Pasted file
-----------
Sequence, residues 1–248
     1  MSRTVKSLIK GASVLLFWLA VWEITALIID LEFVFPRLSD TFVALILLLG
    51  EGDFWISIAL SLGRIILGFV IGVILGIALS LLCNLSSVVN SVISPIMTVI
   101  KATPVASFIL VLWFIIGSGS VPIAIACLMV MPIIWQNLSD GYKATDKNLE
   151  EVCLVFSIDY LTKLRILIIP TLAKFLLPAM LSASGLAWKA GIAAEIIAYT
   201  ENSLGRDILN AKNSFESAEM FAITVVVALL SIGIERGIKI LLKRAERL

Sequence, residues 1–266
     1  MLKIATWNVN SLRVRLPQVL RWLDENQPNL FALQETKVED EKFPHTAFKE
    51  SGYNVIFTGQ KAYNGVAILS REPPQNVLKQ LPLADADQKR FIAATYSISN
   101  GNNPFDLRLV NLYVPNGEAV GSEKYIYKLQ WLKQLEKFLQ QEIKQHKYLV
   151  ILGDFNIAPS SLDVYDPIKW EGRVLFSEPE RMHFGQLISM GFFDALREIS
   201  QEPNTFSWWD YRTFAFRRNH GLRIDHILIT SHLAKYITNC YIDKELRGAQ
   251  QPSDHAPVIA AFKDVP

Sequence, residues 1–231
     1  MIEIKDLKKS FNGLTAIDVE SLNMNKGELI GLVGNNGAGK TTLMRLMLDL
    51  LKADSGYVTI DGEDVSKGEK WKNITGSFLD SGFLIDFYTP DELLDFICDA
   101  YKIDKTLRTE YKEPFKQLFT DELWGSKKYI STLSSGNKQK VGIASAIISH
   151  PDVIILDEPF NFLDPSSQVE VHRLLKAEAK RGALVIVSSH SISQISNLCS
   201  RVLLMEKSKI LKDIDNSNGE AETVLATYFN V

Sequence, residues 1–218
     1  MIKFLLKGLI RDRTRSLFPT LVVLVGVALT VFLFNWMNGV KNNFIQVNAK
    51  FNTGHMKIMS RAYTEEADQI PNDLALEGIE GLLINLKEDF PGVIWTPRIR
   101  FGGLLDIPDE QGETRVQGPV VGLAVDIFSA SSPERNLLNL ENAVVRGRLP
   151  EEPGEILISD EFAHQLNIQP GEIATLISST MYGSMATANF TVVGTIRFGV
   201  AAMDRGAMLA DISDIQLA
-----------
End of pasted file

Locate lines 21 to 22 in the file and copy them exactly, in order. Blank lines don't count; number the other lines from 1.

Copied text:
     1  MIKFLLKGLI RDRTRSLFPT LVVLVGVALT VFLFNWMNGV KNNFIQVNAK
    51  FNTGHMKIMS RAYTEEADQI PNDLALEGIE GLLINLKEDF PGVIWTPRIR